Fall in work-related deaths
Figures for the number of work-related deaths in 2019/20 have been released by the Health and Safety Executive.
Between April 2019 and March 2020, 111 people were fatally injured at work – a fall of 38 deaths from the previous year.
It is likely the decline was accentuated by the impact of coronavirus on the economy, says the HSE.
Falls from a height were the cause of most of the deaths, 29. Meanwhile 92 members of the public were killed due to work-related activities.
The number of fatal injuries in 2019/20 for many of the main industry sectors is lower than compared with the annual average over the last five years. However, numbers can be prone to year-on-year fluctuations.
Construction is one of the few sectors which saw an increase in the number of fatal injuries to workers, with the number of deaths in 2019/20 (40) above the low of 31 seen in the previous year.
However, annual numbers have fluctuated in recent years. Over the last five years, the number of deaths has ranged between 31 and 47, with a 5 year average of 37 deaths per year.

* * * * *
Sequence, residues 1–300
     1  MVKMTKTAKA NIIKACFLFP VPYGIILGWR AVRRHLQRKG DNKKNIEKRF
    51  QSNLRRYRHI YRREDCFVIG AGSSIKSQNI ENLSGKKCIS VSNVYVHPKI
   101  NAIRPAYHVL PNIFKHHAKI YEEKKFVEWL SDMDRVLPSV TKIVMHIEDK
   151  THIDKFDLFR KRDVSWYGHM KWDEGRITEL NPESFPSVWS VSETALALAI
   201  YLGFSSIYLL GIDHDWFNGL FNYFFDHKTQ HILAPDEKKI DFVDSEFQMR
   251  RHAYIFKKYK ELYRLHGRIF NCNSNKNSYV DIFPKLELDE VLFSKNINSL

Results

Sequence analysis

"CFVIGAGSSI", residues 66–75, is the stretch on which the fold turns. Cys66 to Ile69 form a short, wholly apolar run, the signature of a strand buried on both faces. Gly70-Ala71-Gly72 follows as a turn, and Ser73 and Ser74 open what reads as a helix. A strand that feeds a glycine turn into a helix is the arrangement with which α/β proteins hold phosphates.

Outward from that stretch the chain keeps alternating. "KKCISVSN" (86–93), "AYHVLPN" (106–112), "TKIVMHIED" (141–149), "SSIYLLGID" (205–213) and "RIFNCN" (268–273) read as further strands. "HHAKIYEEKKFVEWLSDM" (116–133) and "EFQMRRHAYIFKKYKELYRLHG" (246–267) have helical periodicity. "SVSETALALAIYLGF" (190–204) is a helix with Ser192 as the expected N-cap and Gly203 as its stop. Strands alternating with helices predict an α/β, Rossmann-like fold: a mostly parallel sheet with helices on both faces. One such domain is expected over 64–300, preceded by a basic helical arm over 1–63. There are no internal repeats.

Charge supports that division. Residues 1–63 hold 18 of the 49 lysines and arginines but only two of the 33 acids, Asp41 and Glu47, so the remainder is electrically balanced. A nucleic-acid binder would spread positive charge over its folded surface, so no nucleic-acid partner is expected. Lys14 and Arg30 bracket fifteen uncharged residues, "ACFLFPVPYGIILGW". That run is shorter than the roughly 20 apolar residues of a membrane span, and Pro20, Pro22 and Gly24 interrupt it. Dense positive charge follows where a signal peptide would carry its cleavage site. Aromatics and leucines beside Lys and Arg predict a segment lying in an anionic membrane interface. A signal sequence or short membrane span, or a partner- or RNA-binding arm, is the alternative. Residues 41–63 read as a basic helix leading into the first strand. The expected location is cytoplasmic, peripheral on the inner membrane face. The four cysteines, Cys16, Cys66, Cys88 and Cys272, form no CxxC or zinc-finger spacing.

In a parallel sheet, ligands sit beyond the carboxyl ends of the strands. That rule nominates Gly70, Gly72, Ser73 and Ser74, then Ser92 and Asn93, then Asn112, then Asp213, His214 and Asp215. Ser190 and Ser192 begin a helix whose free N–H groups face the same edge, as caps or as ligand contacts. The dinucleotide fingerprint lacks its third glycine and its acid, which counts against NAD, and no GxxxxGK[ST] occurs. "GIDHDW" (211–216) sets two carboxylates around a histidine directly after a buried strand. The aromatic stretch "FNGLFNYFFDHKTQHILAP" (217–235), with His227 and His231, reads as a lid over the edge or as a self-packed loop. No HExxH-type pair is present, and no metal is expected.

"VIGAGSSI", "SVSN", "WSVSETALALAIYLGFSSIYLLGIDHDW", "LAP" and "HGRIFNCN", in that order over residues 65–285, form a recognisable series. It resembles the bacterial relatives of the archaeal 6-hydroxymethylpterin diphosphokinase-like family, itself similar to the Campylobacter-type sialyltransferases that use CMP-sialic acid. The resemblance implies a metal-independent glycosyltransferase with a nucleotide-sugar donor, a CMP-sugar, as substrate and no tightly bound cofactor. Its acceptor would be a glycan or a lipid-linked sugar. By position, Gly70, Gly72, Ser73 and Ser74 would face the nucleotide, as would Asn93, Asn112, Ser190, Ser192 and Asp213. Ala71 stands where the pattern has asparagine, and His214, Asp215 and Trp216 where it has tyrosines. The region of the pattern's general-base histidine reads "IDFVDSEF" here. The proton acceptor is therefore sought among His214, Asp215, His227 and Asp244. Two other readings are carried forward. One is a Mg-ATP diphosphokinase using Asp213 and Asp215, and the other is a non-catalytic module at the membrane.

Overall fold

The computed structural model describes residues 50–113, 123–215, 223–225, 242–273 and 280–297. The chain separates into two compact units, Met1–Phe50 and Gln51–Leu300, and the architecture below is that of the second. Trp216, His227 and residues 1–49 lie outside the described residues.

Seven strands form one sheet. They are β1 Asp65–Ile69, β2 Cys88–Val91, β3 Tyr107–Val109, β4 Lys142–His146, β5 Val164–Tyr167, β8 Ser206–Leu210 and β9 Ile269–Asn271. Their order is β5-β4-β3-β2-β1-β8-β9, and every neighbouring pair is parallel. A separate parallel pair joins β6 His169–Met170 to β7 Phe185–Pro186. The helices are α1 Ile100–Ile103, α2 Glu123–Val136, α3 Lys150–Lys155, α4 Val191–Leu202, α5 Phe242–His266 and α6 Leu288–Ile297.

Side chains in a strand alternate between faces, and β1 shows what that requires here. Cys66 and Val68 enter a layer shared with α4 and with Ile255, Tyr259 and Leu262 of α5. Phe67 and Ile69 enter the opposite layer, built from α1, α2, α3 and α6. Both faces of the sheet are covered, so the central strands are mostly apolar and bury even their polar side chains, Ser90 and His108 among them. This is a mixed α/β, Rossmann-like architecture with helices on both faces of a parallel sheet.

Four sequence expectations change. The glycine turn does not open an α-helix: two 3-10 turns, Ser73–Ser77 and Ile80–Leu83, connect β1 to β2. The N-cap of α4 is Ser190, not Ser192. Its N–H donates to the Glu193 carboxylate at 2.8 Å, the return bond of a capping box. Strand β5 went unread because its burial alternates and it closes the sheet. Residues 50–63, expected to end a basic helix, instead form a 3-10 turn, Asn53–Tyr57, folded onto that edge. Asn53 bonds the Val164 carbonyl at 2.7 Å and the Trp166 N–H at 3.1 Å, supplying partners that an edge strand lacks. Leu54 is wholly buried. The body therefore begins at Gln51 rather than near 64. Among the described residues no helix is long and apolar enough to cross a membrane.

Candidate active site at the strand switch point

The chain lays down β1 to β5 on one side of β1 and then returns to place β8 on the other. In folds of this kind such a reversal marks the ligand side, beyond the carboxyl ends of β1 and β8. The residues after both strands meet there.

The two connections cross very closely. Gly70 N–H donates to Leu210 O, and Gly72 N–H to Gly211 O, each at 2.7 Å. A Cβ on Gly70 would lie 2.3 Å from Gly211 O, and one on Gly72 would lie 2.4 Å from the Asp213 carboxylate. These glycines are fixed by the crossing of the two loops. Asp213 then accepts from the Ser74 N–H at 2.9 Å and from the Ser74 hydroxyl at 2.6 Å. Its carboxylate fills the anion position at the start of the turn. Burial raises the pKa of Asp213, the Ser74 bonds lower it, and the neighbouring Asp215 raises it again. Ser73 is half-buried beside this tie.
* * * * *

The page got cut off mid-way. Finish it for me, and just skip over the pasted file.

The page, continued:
In Agriculture, forestry and fishing the number of fatal injuries in 2019/20 fell to the lowest level on record (20), though the sector still accounts for around 20% of all worker deaths.
Fatal injury statistics in the HSE report exclude deaths from occupational diseases. Typically, for many occupational diseases, death occurs many years after first exposure to the causative agent.
The asbestos-related cancer mesothelioma is one of the few examples where work-related deaths can be counted directly. There were 2,446 in 2018.